Virtual Exhibits Offer a Glimpse at the Future Latino Center Gallery

Established in 1997, the Smithsonian’s Latino Center promotes dialogue on the role of museums in Latino community development. However, don’t start planning a visit to the center on your next trip to DC. While the Latino Center will soon have its own gallery within the National Museum of American History, it currently does not have a physical home. Without a material space, the Latino Center has taken to the internet to show its exhibits.

Currently, the Latino Center has eight online exhibits on Google Arts & Culture covering topics ranging from archeology of Central America to the Day of the Dead. Among these, the center has two DC-specific exhibits.

The first exhibit which focuses on DC’s Latino community is a virtual tour the city’s Latino street murals. Using Google maps images, the virtual tour shows murals throughout the city in the places where they are located. The accompanying text does not offer much information about the murals beyond the artist and location. However, being able to look at the murals in context allows you to better imagine how people in the community view these murals. For example, “Currulao y Desplazamiento: the Afro-Colombian Mural” is located in an alley off of a commercial street. From the main street, only part of the mural is visible. Navigating down the alley allows you to see the full mural from a different angle. Further, the time lapse between the two views shows the mural in different stages of completion.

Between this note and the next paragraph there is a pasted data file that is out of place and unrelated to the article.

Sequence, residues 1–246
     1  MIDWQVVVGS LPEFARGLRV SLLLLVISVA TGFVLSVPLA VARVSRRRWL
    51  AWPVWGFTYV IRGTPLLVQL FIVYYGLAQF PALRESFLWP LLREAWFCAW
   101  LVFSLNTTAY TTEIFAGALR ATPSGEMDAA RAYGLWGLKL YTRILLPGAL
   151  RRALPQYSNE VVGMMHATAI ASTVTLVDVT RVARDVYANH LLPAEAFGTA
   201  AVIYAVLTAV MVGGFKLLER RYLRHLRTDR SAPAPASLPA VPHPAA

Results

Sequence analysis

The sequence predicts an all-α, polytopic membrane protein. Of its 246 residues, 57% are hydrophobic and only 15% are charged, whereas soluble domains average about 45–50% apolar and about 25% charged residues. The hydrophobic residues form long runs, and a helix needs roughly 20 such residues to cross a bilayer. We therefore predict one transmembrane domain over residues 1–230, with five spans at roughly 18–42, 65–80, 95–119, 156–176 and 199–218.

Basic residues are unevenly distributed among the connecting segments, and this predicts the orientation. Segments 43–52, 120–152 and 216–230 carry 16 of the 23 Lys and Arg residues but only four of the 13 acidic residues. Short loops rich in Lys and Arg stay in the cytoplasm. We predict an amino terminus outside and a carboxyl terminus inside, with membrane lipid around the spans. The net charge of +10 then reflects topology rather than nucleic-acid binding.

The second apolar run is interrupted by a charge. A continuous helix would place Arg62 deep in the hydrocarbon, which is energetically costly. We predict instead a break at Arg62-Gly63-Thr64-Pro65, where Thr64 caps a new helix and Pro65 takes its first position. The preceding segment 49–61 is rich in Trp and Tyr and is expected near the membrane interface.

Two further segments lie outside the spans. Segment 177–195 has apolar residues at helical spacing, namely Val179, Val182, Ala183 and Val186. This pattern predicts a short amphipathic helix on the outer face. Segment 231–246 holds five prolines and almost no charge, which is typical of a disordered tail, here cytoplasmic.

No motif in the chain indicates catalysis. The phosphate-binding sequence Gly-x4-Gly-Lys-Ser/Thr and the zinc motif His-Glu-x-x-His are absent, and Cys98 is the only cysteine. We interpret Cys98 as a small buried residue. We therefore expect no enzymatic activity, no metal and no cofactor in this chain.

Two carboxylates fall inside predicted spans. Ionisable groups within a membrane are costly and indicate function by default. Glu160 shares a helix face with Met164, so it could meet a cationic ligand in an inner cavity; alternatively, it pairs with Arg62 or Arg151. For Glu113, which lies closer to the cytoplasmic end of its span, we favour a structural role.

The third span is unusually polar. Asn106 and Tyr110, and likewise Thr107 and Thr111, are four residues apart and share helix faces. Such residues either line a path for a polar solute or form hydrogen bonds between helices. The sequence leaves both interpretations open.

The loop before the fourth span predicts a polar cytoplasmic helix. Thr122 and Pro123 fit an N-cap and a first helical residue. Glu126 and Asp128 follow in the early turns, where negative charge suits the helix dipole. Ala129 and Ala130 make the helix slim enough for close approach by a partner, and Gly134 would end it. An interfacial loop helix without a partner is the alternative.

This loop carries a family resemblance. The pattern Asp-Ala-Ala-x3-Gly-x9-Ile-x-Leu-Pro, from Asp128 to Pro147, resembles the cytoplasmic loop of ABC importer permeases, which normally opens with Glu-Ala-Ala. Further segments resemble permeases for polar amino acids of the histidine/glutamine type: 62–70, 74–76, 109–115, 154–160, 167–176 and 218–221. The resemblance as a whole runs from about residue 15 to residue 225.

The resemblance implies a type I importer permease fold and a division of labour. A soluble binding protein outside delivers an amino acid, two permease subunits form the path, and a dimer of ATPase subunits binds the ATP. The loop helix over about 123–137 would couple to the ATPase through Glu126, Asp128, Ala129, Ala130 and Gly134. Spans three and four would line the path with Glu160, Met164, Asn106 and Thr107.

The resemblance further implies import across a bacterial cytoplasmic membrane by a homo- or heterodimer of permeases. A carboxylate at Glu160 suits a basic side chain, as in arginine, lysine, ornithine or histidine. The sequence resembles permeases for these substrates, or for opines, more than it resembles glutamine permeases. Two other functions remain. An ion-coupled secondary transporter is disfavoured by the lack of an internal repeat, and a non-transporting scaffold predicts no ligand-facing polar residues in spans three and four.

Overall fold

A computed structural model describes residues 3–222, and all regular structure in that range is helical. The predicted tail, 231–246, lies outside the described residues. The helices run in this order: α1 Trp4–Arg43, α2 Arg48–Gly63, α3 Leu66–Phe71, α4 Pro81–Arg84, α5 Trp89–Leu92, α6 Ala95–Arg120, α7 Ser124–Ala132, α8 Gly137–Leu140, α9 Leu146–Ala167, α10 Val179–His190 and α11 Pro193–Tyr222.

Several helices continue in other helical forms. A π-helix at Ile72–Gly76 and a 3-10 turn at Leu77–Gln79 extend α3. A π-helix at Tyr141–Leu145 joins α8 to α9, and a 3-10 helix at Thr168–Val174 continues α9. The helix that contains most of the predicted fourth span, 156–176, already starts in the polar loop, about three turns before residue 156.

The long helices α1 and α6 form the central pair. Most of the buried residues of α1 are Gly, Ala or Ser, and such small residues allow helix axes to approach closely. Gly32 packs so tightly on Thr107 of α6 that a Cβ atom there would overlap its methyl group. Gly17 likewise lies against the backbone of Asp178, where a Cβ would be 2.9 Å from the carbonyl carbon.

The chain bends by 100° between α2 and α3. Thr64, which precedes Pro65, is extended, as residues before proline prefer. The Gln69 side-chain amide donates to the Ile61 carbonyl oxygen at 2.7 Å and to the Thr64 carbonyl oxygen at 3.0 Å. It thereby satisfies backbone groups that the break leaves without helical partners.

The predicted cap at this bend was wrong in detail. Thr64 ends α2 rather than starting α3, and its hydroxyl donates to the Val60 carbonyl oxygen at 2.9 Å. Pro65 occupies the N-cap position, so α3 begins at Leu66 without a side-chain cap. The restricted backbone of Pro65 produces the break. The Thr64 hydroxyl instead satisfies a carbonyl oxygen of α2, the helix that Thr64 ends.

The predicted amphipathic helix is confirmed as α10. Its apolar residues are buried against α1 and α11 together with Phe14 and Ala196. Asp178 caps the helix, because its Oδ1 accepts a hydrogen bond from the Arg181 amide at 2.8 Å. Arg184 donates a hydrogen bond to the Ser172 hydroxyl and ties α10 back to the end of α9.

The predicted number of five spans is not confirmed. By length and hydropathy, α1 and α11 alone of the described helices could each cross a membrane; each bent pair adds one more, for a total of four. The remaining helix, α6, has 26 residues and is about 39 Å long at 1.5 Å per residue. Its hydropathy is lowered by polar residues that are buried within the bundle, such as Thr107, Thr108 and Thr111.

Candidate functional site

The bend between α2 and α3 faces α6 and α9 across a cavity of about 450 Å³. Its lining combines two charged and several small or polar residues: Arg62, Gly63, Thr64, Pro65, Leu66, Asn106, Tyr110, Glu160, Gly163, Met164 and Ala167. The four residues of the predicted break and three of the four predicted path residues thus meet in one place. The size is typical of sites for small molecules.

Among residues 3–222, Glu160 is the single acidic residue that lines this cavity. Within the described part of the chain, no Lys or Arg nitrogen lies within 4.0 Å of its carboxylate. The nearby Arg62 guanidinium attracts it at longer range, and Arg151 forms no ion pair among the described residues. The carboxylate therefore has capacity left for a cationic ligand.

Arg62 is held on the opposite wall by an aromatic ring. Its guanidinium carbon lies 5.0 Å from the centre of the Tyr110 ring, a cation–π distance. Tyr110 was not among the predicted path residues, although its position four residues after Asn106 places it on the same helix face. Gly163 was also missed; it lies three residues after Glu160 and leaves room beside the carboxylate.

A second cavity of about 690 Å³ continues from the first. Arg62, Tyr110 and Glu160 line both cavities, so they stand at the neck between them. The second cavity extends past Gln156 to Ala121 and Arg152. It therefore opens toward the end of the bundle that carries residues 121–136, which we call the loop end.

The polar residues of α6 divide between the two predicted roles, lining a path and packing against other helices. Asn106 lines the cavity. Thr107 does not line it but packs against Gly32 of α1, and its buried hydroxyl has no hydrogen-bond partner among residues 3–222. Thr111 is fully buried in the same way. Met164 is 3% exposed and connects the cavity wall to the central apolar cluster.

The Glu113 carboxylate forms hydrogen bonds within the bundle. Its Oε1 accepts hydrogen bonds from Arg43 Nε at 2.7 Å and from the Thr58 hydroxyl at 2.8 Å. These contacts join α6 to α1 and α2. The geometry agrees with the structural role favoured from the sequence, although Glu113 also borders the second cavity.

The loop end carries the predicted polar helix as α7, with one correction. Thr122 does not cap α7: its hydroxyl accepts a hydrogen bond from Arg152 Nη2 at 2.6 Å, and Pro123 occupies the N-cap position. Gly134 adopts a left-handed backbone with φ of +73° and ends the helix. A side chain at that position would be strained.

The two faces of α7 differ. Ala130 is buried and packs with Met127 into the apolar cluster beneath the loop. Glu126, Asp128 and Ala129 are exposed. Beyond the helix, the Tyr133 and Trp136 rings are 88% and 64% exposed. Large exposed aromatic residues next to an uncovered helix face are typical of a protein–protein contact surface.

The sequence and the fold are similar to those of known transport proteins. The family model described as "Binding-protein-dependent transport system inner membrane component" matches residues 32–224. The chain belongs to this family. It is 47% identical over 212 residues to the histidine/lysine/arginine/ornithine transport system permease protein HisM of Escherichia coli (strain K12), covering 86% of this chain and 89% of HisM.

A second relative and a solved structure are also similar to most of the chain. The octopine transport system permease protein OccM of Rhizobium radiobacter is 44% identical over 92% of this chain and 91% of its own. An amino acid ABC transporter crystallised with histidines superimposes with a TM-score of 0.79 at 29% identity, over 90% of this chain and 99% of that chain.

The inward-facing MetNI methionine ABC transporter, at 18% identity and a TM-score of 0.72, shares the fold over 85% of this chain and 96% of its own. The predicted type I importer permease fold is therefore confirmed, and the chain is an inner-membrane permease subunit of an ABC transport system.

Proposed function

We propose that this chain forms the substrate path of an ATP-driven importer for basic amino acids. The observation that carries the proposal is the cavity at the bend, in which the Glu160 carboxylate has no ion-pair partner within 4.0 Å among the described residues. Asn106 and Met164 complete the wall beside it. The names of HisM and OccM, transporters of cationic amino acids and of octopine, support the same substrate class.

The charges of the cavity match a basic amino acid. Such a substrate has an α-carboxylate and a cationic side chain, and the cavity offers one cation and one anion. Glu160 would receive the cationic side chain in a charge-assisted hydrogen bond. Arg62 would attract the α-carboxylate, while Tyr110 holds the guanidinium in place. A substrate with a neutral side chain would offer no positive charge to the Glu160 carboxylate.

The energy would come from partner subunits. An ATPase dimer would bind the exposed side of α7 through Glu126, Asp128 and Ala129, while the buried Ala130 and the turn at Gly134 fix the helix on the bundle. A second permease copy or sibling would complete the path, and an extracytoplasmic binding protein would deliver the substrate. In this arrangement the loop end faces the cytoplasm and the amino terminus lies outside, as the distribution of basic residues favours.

The virtual mural tour also allows you to look more closely at some of these murals than you may be able to in person. The Klingle Road murals span a retaining wall along Klingle Road. Passing in a car, you may not be able to look at each panel, which depict images ranging from soccer players, whales, and a tank firing on someone. Google maps allows the viewer to stop and take in each painting.

The second online exhibit entitled “Latino DC: Local, National, & Global Stories Come Together” tells the history of one of the nation’s most diverse Latino communities. The exhibit traces the origins of the Latin community to the development of embassies in the early 1900s through different waves of immigration and migration in the latter half of the century. “Latino DC” also highlights some components of the city’s present Latino community including non-profit organizations, researchers, and scholars. The exhibit presents a broad overview of the city’s Latino history and would work well as an orientation prior to visiting the future physical Latino Center.

The Latino Center’s online offering provide an exciting glimpse into what the future Latino Center gallery may hold. Hopefully, these robust online offerings will one day be translated into a full museum dedicated to Latino history. Check out the online exhibits here!